Crystal J. Davis, ConnXus Senior Member Services & Affiliate Program Manager since 2012, brings over 12 years of experience certifying over 200 minority business enterprises in Ohio. Davis shares her story and experience on the highs and lows of supplier diversity as a kickoff to the Share Your Story blog contest February 1 – March 4.
People enjoy stories because they can relate to and learn from others. Whether it’s the latest celebrity drama to business successes and failures—we all love a good story. That’s why I believe it’s especially important for diverse businesses to share their story to inspire and connect with others who may be stuck in a rut or are looking for business growth opportunities.
From my experience certifying small, diverse and women-owned businesses, I cannot underestimate the power of networking. Whether you’re attending a national trade show such as NMSDC or WBENC, or a local diversity conference—networking is the key to connecting with like-minded businesses and accessing educational opportunities.
On Becoming Certified
There are many realistic (and unrealistic) expectations when certifying your diverse business. Several third-party organizations are available to gain certification—including national, state and local certifying agencies. The most recognized are NMSDC, WBENC, CPUC and state municipalities.
After twelve years of certifying businesses, I’ve found the most successful companies were proactive about promoting their company’s strengths and capabilities. Just because you are certified, doesn’t mean that you instantly gain a contract with a Fortune 2000 corporation. Your business must hold the internal capacity and dedication to do business with major corporations.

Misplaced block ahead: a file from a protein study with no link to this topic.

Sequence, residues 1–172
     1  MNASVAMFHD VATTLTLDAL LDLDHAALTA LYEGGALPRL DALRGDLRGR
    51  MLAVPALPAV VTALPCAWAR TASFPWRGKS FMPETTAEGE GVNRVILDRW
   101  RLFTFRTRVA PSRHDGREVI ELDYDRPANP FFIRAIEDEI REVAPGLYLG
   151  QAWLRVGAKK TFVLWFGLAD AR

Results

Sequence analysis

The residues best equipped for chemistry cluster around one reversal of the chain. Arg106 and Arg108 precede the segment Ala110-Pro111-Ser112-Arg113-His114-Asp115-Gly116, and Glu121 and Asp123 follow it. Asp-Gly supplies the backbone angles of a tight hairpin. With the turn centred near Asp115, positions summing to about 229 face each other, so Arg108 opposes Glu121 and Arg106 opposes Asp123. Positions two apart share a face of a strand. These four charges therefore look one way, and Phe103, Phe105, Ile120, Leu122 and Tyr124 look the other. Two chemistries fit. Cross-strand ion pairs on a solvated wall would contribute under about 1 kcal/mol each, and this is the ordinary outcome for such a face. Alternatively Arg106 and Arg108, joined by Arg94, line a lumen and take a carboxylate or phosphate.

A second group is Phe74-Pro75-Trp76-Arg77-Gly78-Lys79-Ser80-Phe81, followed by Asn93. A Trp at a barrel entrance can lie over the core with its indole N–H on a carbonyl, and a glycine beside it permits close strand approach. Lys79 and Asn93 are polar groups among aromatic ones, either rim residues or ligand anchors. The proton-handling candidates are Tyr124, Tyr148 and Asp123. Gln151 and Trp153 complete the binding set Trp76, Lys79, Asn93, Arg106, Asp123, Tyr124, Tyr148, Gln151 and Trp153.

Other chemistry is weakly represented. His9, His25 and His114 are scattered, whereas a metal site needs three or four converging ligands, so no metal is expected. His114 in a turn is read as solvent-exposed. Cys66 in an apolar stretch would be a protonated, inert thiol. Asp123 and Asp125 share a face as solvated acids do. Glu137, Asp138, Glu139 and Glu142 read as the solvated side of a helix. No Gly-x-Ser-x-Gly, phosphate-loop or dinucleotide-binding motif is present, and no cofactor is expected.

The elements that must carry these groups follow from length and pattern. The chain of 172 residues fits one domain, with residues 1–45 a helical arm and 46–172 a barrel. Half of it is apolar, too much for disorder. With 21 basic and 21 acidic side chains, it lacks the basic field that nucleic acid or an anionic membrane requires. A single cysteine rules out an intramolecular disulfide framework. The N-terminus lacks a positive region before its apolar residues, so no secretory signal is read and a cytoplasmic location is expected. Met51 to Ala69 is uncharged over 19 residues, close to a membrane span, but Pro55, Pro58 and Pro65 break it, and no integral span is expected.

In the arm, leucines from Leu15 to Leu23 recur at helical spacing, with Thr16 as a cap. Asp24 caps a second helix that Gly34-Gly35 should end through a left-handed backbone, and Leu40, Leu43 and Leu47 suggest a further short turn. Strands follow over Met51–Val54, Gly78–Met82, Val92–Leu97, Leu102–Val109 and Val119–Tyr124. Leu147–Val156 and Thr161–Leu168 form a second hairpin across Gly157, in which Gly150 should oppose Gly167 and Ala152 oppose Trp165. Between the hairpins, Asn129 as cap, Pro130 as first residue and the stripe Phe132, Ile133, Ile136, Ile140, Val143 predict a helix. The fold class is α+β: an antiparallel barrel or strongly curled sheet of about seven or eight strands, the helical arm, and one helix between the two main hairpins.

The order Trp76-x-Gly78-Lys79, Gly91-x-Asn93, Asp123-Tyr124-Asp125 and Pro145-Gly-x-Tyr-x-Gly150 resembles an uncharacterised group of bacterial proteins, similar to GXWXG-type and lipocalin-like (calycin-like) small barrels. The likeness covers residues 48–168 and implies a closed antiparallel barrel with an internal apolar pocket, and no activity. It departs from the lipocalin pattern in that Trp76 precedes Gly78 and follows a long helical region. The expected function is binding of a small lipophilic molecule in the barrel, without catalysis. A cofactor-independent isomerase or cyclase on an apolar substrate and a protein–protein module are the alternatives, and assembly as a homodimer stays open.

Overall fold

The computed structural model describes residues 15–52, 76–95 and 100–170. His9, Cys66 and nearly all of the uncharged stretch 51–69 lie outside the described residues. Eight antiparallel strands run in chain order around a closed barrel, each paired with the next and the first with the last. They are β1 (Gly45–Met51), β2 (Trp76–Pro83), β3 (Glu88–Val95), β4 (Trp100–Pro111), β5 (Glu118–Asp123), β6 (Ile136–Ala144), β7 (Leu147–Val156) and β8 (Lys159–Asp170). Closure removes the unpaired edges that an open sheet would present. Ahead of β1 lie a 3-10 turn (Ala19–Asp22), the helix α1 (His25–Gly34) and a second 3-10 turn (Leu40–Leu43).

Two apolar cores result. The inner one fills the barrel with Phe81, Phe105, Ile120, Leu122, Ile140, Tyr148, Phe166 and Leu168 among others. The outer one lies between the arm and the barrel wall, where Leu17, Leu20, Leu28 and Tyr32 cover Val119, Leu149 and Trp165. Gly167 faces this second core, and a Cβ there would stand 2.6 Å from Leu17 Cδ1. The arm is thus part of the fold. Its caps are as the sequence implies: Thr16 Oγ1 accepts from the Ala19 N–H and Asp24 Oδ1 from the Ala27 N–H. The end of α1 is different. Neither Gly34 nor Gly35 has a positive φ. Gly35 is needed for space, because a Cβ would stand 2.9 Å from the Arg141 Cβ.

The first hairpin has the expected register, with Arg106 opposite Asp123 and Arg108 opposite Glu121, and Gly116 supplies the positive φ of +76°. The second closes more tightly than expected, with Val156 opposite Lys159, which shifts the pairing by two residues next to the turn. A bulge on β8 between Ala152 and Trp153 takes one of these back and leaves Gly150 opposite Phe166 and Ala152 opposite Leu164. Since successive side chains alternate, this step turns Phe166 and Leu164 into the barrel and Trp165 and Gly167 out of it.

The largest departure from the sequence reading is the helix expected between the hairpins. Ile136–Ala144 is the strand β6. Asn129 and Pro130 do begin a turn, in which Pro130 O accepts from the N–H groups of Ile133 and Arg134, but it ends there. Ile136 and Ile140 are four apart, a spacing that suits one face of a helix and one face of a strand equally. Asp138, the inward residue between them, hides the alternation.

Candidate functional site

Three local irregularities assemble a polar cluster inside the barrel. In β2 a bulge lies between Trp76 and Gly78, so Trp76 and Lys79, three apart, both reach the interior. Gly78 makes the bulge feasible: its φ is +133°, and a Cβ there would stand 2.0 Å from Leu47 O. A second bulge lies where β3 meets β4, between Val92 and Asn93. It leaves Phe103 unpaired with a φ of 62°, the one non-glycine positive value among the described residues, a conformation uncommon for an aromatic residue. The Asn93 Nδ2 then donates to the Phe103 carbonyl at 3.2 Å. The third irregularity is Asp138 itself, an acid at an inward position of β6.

Why Share My Story?
Sharing your story not only brings a sense of pride that you are helping someone else, but it brings awareness to your company by allowing others the insight into the failures and successes that you’ve endured.
I have encountered an ample amount of diverse business owners who feel as if they’ve hit a wall when trying to do business with corporate America. My advice to minority, women, veteran or disability-owned businesses who might be asking “Why should I share my story?” Here are my four reasons why:
- To educate other diverse business on what resources are to gain certification, what trade-shows produce the most ROI, and what educational opportunities will help grow their business needs.
- To connect and network with like-minded companies and those who have been through similar business paths.
- To inspire those who are in a rut or feel as if they can’t grow their business, and to see the bigger picture.
- In order to grow, your business needs to take inventory of where you’ve been, where you are and where you’d like to be.
What’s your story?
Submit your supplier diversity stories to email@example.com from Feb. 1 – March 4 for a chance to win $3,000 for your business needs or a charity of your choice.